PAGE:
Preserve Ethel Walker’s Woods
September 19 2005
SIMSBURY — A report that the Keep the Woods citizens group intends to withdraw its legal challenge to the Ethel Walker School’s plans to build a large luxury-home subdivision on its wooded campus in Simsbury is encouraging.
The group’s appeal of the town conservation commission’s approval of a campus wetlands map that is needed to proceed with the project created unnecessary animosity and divisiveness. No one, not even the trustees of the school, which has kept the land in pristine condition for 90 years, wants the development.
Unfortunately, the school must seriously replenish its shrinking $10 million endowment to secure its future, and the housing proposal offers one sure way to raise the needed money.
Another solution would be if the town could purchase the development rights to the land for an amount that would satisfy the school’s long-term needs. A previous attempt to negotiate such a sale yielded an offer of $6 million, which the school said wasn’t enough.
Members of Keep the Woods say they are withdrawing the suit because they are optimistic that three-way talks among the town, the school and the Trust for Public Land will yield a new agreement for the purchase of the development rights.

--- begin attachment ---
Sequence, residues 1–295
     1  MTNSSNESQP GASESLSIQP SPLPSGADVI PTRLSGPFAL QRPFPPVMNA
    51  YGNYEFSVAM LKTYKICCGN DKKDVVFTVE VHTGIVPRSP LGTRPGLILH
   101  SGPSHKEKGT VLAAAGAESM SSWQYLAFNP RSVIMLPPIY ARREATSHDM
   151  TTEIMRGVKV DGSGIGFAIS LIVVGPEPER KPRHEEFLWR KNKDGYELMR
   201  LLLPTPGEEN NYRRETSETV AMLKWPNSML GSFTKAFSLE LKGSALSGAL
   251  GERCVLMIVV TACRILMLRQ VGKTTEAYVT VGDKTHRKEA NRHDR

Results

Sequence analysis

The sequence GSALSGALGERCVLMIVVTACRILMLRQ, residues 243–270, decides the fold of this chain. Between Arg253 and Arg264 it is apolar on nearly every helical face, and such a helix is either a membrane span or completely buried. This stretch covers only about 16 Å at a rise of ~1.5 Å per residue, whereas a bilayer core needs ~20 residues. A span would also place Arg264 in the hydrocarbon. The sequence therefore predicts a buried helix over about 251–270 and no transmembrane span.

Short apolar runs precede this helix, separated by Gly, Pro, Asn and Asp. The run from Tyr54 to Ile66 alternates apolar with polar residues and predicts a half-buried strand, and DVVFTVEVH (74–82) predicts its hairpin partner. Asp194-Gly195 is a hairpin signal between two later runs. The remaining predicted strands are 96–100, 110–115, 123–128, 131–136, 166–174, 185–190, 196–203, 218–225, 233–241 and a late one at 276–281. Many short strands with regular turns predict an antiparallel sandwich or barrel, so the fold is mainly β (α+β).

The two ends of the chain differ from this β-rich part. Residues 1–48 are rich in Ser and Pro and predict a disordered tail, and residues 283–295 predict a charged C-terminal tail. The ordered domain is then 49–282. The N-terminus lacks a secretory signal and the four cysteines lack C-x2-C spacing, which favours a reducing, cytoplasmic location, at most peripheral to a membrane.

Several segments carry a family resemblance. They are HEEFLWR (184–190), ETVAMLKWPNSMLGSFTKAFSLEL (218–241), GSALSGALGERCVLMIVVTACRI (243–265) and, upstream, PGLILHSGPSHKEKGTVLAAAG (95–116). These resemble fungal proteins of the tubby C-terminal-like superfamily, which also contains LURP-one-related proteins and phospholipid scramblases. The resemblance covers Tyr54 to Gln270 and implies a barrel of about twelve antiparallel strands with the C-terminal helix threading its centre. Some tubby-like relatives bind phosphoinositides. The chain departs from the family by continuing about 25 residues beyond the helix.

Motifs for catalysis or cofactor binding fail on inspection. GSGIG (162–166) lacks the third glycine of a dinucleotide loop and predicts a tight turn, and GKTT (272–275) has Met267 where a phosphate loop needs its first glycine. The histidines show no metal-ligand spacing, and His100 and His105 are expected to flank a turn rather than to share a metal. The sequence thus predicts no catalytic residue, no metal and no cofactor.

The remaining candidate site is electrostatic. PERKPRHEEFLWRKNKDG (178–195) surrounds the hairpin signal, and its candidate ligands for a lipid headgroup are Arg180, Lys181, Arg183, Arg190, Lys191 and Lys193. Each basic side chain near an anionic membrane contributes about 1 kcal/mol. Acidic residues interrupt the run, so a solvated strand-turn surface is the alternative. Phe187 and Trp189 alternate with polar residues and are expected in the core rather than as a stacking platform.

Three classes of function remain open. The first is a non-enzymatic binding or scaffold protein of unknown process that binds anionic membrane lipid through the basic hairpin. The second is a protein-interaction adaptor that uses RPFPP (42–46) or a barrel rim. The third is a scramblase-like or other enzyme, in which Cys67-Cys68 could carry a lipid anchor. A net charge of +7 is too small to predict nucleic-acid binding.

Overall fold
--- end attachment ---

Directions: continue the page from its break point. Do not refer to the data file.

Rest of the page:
Presumably, the selling price would be appreciably higher than $6 million.
If the talks break down, however, there appear to be few obstacles to the school’s developing the land for housing.
The 450-acre parcel is properly zoned for residential use. Plans call for construction of more than 120 houses on 165 acres of the property. Homes would be built on 1- and 2-acre lots and sold for about $1 million apiece.
Ideally, the need for Ethel Walker to develop and sell such a large piece of its beautiful property will be avoided through the efforts of those trying to find an alternative that will preserve the open space and keep the school solvent.
Copyright 2005, Hartford Courant